Seeing Google announce quarterly earnings nearly triple their results for the same quarter of last year (they now have an annual revenue of $10 billion, almost entirely from selling ads), it suddenly occurred to me that I have never once deliberately clicked on one of their ads. Sure, I see them often enough, and every once in a while I'll accidentally click on one just because my mouse is in the wrong place, but they're all just noise to me - they don't even enter my consciousness. It goes without saying that I've never purchased anything as a direct result of a Google ad either. This is nothing to do with Google itself either: I'd make the same claim of other internet ad services too.
There's no huge overarching point to this entry; I just wondered out of sheer curiosity whether I was just an oddball anomaly in the statistics, or whether I'm actually in the majority and am pointing out the Emperor's New Clothes. Have you ever deliberately clicked through or even bought something as a result of an internet ad? What percentage of your ad clicks are deliberate versus accidental? If you do click on ads, what catches your eye?
I click Google ads when I'm searching for a specific item/company, and the ad for their URL is at the top ("sponsored links"). Also, there are some times where the results in the ads seem much more relevant than the actual search results (again looking for companies or a specific commercial item).
I never click on them either.
Of course even if the clickers are a minority, it's still worthwhile to the advertisers if they happen to be a numerically large minority.
Like the cretins who make spam worth the spammers' effort (I'm not implying of course that people who click on Google ads are also cretins).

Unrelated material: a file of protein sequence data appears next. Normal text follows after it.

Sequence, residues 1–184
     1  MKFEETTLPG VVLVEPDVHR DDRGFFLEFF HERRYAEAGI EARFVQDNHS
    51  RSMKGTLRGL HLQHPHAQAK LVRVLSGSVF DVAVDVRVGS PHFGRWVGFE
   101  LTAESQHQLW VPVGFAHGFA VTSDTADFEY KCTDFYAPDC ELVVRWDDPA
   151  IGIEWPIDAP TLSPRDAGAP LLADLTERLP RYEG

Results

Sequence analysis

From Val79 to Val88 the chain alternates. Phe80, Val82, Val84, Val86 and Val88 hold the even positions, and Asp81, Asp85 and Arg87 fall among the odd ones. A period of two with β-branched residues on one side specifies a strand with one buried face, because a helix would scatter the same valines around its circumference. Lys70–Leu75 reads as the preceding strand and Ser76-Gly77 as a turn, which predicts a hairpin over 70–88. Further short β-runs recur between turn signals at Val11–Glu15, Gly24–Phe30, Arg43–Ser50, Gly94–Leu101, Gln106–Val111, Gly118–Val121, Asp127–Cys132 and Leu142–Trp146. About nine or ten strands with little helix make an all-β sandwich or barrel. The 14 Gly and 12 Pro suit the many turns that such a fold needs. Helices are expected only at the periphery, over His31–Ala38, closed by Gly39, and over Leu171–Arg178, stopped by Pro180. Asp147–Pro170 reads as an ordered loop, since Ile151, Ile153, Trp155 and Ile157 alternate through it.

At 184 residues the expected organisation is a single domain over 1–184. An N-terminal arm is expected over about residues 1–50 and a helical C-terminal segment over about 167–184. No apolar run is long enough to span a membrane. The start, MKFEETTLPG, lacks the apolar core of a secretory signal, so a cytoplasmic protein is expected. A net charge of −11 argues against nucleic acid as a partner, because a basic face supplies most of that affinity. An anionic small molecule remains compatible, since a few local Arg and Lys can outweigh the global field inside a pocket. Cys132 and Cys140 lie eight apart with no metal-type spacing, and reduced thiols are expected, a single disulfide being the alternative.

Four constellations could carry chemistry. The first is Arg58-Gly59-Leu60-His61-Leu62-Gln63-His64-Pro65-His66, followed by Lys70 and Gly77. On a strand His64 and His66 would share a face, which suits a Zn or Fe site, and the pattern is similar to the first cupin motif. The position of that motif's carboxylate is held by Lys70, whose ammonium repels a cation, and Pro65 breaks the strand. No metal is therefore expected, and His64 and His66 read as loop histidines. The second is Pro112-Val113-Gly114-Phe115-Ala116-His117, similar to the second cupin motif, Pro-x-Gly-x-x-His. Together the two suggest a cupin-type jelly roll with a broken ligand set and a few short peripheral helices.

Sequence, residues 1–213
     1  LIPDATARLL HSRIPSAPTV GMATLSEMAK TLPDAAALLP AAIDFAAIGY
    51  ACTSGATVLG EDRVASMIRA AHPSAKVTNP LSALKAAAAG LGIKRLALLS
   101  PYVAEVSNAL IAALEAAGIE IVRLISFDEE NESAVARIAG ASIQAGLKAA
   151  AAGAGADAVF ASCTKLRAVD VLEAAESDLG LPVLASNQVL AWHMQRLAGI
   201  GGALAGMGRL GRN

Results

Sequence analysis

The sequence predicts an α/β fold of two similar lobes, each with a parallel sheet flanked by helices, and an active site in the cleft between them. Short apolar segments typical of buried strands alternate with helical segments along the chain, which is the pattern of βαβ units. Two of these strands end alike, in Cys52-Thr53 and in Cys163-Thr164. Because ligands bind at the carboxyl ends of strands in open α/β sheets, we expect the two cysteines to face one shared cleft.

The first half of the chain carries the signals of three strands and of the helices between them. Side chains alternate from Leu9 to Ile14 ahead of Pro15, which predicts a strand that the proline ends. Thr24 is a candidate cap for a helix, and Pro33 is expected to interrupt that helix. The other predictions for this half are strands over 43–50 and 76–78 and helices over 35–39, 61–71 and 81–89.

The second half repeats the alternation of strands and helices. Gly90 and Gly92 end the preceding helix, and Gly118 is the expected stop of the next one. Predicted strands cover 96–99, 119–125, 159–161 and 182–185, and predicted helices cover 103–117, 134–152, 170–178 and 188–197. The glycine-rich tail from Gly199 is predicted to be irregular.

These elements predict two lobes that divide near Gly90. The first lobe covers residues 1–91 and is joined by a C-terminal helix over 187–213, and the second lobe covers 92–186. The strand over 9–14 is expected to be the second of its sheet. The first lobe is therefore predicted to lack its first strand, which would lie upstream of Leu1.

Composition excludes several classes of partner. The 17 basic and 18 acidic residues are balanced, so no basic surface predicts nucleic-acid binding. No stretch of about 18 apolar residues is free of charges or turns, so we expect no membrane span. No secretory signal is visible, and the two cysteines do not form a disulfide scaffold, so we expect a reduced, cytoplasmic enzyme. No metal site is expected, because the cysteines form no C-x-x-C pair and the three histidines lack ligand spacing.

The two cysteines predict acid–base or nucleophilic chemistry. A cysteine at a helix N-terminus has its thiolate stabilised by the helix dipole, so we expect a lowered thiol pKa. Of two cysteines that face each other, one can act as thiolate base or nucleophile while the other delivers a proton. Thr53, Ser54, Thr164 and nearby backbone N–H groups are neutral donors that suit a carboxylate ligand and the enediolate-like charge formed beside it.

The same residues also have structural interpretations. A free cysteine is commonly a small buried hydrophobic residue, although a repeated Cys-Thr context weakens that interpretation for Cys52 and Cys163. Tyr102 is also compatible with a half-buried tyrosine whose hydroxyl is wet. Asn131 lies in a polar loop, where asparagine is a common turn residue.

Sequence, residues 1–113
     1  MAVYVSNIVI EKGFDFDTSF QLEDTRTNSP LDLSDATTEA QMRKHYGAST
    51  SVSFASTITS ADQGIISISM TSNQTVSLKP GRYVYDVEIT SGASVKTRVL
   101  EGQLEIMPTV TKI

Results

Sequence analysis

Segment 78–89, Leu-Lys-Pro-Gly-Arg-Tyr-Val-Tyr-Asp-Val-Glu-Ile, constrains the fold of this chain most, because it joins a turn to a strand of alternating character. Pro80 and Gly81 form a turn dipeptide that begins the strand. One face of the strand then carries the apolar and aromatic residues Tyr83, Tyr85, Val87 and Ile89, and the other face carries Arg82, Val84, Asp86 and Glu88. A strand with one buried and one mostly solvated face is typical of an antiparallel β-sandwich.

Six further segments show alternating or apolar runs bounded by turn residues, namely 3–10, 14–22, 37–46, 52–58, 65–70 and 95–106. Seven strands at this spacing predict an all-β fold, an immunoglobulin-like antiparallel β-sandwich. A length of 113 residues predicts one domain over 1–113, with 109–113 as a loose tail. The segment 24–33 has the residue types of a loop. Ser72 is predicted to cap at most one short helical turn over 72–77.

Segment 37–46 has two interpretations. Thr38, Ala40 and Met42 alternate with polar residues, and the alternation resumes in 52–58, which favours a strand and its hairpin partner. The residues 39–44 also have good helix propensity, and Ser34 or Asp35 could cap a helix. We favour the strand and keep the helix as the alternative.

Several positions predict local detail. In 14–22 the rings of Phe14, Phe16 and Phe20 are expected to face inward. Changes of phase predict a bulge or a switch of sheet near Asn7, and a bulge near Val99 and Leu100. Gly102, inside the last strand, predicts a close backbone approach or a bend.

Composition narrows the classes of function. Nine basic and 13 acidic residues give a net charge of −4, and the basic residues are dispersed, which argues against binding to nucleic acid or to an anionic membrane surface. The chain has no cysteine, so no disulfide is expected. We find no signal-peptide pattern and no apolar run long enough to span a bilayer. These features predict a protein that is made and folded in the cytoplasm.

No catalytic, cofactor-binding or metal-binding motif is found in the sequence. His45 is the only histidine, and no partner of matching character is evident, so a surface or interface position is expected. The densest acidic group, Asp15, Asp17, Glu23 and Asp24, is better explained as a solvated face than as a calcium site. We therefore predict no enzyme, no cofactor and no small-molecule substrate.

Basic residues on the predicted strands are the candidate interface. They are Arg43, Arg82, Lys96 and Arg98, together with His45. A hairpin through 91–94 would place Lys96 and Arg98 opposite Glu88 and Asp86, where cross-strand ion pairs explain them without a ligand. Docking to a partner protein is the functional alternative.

I'm the same; I just subconsciously filter them out now (even those annoying sites where you need to scroll through some google ads to get to the content). Fortunately someone somewhere must be dork enough to click them, making someone somewhere lots of cash :o)
Agreed mate. I've clicked through on a few ads that have been interesting, but never been converted through to a sale. Not once, for anyone, in I don't know, 8 years or so.
It escapes me how the business model is sustained. Advertising effectiveness is a tough metric, like sowing a seed in your brain which later, after seeing it on billboards and TV, might convert to $. But billboards, TV, and humour are so much more memorable than google ads, bits of unremarkable text on the peripheral of your focus. Still, they will always be there, squeezed in where space is limited, where a big flash or WPF/E ad is not practical. It can be (though not always) fairly cheap, the rest is economies of scale. Wish I could have afforded google shares ;)
Google has ads?
At my last day job we saw 20% conversion rates from google adsense. Because of that we could pay $5 per click and wished we could buy more!
Trust me, every one is winning with adsense. It's better than any other advertising in existance.
I have been wondering for when the myth of Internet Advertising is going to crumble to dust. My personal exposure-to-click ratio is 400,000 to 1, or 6.02 x 10²³ to 1 if you count spam emails. I'm not as extreme as you, though; I think I bought something through a Google ad once.